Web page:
‘Age of Awakening’: A Chinese revolutionary drama becomes a cultural touchstone (and propaganda coup)

Society & Culture

A state-produced TV series chronicling the May Fourth Movement and the founding of the Chinese Communist Party is an unexpected critical success.

Illustration by Derek Zheng

The history drama Age of Awakening (觉醒年代 jué xǐng nián dài) has been one of this year’s biggest hits in China. Produced to accompany the celebration of the 100th anniversary of the founding of the Chinese Communist Party (CCP) and co-sponsored by state propaganda departments, it has captured the imaginations of Chinese viewers in ways few other pro-Party dramas have done in recent memory.

The 43-episode series has received glowing reviews since its March finale, scoring a 9.3 out of 10 on Douban (among 350,000 voters). Many viewers expressed surprise at the unexpected quality of the “Red thematic drama” ( 红色题材剧 a term referring to ideology-infused state-sponsored productions). As one popular Douban comment reads, “It’s very unusual that a drama can so meticulously depict the events of the May Fourth Movement and the achievements of these historical figures…the script, the actors’ performances, the cinematography, and the directing are all first-class.”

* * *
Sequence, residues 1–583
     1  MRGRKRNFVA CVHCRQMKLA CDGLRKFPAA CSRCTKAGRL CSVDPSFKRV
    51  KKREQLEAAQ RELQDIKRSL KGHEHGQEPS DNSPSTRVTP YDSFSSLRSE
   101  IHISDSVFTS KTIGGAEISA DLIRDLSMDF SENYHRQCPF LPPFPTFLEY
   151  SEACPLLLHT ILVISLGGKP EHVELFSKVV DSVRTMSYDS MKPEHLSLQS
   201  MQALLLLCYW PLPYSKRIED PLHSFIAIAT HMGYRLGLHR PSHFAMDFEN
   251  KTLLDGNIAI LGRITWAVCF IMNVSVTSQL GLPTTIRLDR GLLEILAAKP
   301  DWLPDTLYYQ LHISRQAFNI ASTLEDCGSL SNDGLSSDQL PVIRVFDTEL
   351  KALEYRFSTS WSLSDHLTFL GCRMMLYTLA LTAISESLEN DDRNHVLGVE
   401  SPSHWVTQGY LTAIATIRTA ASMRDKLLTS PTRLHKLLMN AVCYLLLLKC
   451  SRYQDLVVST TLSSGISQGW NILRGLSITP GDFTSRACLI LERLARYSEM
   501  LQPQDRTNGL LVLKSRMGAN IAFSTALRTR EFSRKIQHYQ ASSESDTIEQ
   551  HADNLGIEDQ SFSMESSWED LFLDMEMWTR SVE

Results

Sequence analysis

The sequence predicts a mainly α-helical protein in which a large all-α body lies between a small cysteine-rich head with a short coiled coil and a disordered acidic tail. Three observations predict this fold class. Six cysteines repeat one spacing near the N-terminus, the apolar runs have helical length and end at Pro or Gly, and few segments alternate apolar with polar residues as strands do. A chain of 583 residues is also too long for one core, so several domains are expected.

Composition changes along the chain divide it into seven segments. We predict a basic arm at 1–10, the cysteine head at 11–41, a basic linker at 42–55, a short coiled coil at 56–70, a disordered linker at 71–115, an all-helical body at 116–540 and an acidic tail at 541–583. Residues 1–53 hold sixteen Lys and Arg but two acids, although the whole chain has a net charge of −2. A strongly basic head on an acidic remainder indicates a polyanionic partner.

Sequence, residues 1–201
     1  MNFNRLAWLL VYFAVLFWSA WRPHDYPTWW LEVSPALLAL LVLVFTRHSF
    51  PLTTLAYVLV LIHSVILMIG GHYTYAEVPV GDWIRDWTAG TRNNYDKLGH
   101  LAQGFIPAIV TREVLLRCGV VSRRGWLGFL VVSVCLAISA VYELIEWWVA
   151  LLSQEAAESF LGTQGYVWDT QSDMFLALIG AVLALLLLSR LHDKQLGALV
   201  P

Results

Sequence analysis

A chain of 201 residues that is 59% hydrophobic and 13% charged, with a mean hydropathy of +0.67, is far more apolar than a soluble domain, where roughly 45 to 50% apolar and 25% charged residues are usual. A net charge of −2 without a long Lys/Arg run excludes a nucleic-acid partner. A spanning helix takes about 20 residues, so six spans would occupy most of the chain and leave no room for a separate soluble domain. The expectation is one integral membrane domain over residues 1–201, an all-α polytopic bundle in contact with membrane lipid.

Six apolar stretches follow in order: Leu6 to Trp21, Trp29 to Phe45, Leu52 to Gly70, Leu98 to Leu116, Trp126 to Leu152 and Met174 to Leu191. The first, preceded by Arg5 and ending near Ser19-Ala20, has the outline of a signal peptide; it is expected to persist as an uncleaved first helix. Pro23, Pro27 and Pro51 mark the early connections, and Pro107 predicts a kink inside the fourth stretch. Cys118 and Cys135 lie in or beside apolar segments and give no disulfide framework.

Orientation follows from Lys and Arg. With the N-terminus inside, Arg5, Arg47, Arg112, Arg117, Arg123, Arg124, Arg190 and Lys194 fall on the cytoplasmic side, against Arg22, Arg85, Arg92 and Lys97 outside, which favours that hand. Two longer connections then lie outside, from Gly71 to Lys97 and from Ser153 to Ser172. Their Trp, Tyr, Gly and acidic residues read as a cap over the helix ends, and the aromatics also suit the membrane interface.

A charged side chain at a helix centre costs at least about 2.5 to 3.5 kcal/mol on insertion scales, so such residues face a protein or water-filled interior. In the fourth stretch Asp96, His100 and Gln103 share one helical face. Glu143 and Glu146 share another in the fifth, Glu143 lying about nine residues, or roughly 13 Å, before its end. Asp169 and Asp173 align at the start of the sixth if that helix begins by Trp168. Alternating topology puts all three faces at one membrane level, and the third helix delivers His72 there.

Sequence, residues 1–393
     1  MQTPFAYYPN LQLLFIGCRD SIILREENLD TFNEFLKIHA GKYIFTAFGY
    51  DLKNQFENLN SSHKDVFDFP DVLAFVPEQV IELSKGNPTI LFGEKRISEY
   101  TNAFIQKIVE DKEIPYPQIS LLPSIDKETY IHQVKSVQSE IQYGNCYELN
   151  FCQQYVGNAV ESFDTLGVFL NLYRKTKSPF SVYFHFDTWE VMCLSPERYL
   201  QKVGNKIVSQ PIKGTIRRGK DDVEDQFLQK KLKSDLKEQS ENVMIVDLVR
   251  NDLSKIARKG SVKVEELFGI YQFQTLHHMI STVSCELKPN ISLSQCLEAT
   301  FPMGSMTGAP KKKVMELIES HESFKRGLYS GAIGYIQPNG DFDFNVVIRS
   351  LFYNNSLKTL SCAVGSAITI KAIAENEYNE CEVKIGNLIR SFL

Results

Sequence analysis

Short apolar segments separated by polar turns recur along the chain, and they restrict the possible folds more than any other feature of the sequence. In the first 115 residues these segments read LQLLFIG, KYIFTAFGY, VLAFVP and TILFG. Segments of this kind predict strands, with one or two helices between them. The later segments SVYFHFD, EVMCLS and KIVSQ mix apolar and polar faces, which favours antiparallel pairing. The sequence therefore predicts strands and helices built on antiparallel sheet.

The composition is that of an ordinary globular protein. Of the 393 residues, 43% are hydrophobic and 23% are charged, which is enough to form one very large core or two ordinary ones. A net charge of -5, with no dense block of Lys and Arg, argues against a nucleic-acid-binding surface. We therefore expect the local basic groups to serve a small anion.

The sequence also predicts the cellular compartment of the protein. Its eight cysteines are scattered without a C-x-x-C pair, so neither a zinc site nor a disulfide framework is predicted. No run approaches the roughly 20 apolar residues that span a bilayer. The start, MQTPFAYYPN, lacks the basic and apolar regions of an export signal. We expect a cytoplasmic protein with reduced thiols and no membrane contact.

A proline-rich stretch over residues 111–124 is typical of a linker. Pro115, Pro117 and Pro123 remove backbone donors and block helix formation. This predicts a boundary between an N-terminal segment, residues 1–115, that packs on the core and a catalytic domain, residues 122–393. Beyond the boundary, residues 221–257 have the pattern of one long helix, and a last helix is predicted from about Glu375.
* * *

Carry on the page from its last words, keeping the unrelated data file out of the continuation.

Age of Awakening tells the story of the group of intellectuals based around Peking University that would become key founding members of the Chinese Communist Party, focusing on the journeys of protagonists Chén Dúxiù 陈独秀 and Lǐ Dàzhāo 李大钊, with appearances by Máo Zédōng 毛泽东, Zhōu Ēnlái 周恩来, and Lǔ Xùn 鲁迅. It begins in 1915 with the establishment of the influential New Youth (新青年 xīn qīngnián) magazine by Chen Duxiu, kickstarting the New Culture Movement against the backdrop of a young Chinese republic beset by foreign imperialism and warlord factionalism. It then follows Chen and Li Dazhao as they lead the charge during the succeeding May Fourth Movement in 1919, to which the bulk of the series is dedicated.